The Tasting Panel has time and time again chosen wines made by Brooks Painter as top picks in their blind tastings. No other winery has so consistently received raves. Everything is generous about this 2013 cabernet sauvignon, but it is beautifully integrated and balanced. Sturdy tannins are balanced by vibrant fruits flavors that are layered with aromas of fresh forest and sweet spice.
Groth Vineyards & Winery 2013 Cabernet Sauvignon Oakville ($60)
Recent vintages are being made in a richer, more concentrated style, and this wine is no exception. With the same viticulturalist, vineyards and just two winemakers over the decades, a taste of Groth cabernet vintages almost becomes an inside look at Napa Valley’s growing seasons. Deep, captivating aromas follow with a silky smooth palate leading to firm tannins on the finish.
Rombauer Vineyards 2014 Cabernet Sauvignon ($55)
Iconic for its toasty, buttery chardonnay style, Rombauer is also standing out for its cabernet sauvignon. Ritchie Allen is director of Viticulture and Winemaking, working with Associate Winemaker Luke Clayton and Assistant Winemaker Andrew Holloway. Blacks fruits mingle with dark spices in this big, juicy cabernet.
Saunter Wines 2014 Swagger Cabernet Sauvignon ($55)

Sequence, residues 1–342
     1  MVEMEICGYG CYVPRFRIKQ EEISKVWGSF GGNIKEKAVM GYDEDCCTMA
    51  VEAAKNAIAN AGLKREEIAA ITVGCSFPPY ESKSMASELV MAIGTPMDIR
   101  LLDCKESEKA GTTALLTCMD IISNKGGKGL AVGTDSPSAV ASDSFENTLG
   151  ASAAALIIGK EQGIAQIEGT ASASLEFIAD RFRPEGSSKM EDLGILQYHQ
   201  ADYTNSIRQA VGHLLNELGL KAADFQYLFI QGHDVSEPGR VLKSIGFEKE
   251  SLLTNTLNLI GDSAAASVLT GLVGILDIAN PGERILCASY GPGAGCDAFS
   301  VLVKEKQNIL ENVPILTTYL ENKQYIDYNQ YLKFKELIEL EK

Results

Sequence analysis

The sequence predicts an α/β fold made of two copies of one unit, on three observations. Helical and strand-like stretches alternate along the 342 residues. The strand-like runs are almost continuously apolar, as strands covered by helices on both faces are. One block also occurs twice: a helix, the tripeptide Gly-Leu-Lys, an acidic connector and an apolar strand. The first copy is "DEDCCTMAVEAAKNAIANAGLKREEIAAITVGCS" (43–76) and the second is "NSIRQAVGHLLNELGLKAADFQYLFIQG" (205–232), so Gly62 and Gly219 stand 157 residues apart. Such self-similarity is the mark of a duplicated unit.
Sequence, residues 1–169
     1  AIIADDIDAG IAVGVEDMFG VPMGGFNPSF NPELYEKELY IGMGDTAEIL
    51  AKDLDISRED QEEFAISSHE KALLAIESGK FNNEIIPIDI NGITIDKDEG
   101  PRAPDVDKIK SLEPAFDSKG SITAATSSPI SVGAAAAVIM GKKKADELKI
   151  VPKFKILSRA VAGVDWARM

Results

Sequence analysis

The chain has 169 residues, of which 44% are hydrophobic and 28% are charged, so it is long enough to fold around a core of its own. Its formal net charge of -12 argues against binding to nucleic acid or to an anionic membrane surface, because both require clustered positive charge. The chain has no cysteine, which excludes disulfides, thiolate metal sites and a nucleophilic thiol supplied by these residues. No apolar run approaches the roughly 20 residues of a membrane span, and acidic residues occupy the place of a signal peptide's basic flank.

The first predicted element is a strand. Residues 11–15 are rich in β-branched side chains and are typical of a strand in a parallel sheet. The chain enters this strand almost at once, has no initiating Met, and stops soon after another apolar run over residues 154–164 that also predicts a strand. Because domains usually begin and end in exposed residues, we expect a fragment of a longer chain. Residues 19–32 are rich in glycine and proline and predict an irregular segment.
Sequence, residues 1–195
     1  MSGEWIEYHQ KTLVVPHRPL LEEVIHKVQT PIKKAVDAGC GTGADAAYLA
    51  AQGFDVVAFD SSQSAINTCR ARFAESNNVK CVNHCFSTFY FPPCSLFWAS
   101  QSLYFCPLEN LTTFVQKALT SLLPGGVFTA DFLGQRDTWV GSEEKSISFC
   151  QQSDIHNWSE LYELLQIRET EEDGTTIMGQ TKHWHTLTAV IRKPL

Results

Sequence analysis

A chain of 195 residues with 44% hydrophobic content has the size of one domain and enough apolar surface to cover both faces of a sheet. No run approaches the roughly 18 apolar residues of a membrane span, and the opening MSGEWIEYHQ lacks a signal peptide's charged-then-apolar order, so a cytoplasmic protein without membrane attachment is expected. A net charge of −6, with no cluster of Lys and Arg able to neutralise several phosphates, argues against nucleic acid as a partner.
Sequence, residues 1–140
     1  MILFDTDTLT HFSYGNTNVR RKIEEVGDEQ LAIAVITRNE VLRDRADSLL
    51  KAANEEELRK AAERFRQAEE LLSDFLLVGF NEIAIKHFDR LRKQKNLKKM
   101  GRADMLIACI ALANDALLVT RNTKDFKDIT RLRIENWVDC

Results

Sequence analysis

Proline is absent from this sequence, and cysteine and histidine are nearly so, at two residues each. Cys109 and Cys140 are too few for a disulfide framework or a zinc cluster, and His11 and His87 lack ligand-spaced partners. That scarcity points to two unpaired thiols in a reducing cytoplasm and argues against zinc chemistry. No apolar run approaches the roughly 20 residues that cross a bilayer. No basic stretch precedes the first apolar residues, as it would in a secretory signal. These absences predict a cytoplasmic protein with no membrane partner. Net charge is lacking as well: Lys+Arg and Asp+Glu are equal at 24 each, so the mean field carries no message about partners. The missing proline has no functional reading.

Winemaker Thomas Brown cut his teeth at Turley Estates as assistant winemaker to Ehren Jordan and now makes wine at Saunter and a few other estates. Saunter’s motto is to slow down and let each moment ripen to its fullest. A bottle of this cab, a porch swing, and wine glass should aid in that philosophy quite nicely. Sweet oak spices dominate this richly textured wine.
Top wines for St. Francis Yacht Club wine members include:
Davies Vineyard 2013 Cabernet Sauvignon, Diamond Mountain District ($100)
Diamond Mountain, the Schrams, and the Davies have an incredible lineage. In 1862, Jacob Schram chose this area to plant grapes, and was vocal among vintners for using better grapes than the Mission grape that was popular at the time. The Davies, when they purchased the Schram property in 1965, continued that drive for quality and produce what many consider the best U.S. sparkling wine: Schramsberg. Proprietor Hugh Davies now brings top reds like this one to the forefront. The 2013 Diamond Mountain cab has dark fruit mingling with generous sweet spices.